What We’re Not Talking About

The cage match over whether or not Congress will agree to fund President Trump’s $5.7bn request for a wall along parts of the border with Mexico continues. The latest move in this battle is that Congressional Democrats have offered $5.7bn to fund non-wall security enhancements; it’s not the money they’re worried about but the possibility that they might be seen as caving to the hated Trump. Meanwhile the president has offered a concession too – he’ll extend legal protections for the so-called dreamers for three years if Congress will just give him bragging rights for having delivered the wall he promised. So far: no deal. Apparently, each side cares far more about the politics of the issue than its substance, or than it does about other, far more important issues.

I thought I would use this post to highlight just a few of the more important issues about which our political class is strangely, frighteningly silent – and has been for a long time.

Our national debt is fast approaching $22 trillion, a figure so large as to seem irrelevant to most people. Expressed in more relatable terms, the national debt is about $66,000 per person or about $179,000 per taxpayer. Think of it as another mortgage – a fast-growing one – that you didn’t know you had. Even more worrying than the number is that the national debt is growing rapidly as a percent of GDP – it’s now about 105% – and, given our demographics and entitlement programs, its growth looks certain to continue to accelerate to the point at which for other countries the markets have taken fright and refused to keep lending within a few years. What’s next, debasing the currency? Default? The American Weimar?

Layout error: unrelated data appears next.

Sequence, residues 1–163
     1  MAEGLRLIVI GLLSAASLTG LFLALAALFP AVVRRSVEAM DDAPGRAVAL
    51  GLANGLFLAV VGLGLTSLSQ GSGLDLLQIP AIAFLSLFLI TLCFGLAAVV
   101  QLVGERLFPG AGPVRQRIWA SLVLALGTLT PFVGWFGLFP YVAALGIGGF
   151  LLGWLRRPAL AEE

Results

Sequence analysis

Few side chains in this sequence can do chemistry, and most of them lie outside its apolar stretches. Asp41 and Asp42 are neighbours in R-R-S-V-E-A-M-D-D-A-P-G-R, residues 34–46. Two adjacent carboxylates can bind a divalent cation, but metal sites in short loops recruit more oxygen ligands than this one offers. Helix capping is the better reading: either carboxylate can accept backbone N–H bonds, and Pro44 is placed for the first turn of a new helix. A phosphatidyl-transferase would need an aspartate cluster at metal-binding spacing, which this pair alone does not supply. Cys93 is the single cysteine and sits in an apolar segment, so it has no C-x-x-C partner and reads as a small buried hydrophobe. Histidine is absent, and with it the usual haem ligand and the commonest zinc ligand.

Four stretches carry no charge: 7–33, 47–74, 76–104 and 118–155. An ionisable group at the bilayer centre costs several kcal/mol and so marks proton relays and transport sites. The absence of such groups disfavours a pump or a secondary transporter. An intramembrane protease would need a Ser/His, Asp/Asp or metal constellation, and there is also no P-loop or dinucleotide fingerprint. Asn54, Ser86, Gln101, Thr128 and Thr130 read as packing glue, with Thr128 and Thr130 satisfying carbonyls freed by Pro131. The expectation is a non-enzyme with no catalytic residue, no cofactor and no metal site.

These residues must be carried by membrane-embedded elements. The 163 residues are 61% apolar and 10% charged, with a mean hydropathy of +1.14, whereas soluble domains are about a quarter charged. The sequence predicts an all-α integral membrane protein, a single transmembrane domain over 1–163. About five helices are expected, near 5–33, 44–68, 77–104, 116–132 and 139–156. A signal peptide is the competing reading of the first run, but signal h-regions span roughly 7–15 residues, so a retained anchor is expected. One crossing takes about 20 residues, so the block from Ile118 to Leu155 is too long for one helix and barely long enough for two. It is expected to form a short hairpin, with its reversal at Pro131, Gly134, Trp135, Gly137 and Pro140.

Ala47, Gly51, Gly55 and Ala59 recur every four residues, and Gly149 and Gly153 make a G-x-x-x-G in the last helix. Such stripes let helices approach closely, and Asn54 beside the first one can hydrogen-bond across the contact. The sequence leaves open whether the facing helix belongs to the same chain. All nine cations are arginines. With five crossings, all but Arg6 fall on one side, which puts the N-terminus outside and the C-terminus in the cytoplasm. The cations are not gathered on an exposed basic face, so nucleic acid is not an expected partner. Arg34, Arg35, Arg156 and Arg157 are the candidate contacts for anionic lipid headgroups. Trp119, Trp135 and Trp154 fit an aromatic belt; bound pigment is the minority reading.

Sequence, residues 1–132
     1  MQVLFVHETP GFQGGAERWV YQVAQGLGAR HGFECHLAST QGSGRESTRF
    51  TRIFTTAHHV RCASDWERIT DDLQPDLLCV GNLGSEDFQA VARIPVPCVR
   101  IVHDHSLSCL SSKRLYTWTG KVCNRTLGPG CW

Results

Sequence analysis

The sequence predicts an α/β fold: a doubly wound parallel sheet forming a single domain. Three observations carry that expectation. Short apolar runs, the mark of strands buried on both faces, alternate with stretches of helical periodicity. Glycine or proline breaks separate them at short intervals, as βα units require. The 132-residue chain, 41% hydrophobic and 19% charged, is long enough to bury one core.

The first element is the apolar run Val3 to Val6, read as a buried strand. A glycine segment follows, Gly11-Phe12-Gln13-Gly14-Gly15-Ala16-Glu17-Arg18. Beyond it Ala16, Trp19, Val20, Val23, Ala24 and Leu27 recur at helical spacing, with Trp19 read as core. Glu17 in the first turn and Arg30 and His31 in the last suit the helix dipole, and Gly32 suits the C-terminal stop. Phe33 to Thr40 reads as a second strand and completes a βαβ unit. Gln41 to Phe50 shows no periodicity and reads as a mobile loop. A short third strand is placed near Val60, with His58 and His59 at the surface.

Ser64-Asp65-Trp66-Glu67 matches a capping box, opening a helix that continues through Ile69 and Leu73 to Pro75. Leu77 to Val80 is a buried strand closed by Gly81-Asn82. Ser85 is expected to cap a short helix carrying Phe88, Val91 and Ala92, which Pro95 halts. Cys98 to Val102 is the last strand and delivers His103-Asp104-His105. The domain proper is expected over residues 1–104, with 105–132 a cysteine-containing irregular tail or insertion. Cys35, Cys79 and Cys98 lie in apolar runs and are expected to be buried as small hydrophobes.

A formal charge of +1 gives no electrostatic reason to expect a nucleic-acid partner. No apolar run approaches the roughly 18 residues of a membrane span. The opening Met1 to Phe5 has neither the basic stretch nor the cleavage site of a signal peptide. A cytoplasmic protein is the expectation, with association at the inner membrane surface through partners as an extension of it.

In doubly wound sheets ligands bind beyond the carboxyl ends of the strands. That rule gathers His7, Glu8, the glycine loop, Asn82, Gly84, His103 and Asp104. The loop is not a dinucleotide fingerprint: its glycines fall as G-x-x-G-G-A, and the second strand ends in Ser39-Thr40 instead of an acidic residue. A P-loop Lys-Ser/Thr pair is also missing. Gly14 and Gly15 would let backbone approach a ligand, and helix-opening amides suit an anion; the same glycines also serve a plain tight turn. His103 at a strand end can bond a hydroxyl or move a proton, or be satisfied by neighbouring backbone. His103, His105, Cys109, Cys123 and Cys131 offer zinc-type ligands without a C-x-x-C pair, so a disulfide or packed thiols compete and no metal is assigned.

Which major party is making an effort to educate the public on the fiscal unsustainability of our current path and proposing changes to it? Neither one.

Another is that our public education system is well and truly broken – in many places, particularly inner cities and poor rural districts, public schools are so bad as to effectively doom the students who attend them. If you’re poor and reading below grade level by the middle of your elementary school years, society will pretty much give up on you. Do we feel good about that?

Further, our colleges and universities have become ever-more expensive – with costs rising far in excess of inflation over the course of many decades – and, outside of STEM and professionally-oriented fields, they deliver a product now more closely resembling ‘progressive’ indoctrination than usable skills or rigorous intellectual training. What colleges really confer on liberal arts students is a vitally important credential virtually wholly unrelated to whatever their students have or haven’t learned: college is perceived to be the sine qua non gateway to a respectable job. Meanwhile, with student debt at $1.5 trillion, the costs of the American college credentialization machine drain the savings of upper-middle-class families who have children and discourage younger families from having more than one or at most two children – thus adding fuel to the fire of our looming demographic crisis.

Did I mention that we have a terrible underclass problem? The urban and rural poor are devolving into a separate society where the great majority of children are born out of wedlock, crime and drug use are rife, educational opportunities are abysmal and it often makes more sense to collect entitlements and work ‘off the books’ – at activities that may or may not themselves be legal – than to take the kinds of low-wage jobs that are available. Generations live in comparative poverty, with little hope of finding better paths.

(It’s interesting to note that historically many thought that the rich were rich because the poor were poor – and being exploited; it would be hard to credibly assert that today with regard to our multi-generational underclass, which is the segment of society that does the least on-the-books work, pays no income taxes, etc. They are trapped in cycles of dependency, not working in sweatshops).

And, not coincidentally, we have terrible drug problems, with as many now dying of overdoses as from car accidents. What are these addictions if not expressions of despair?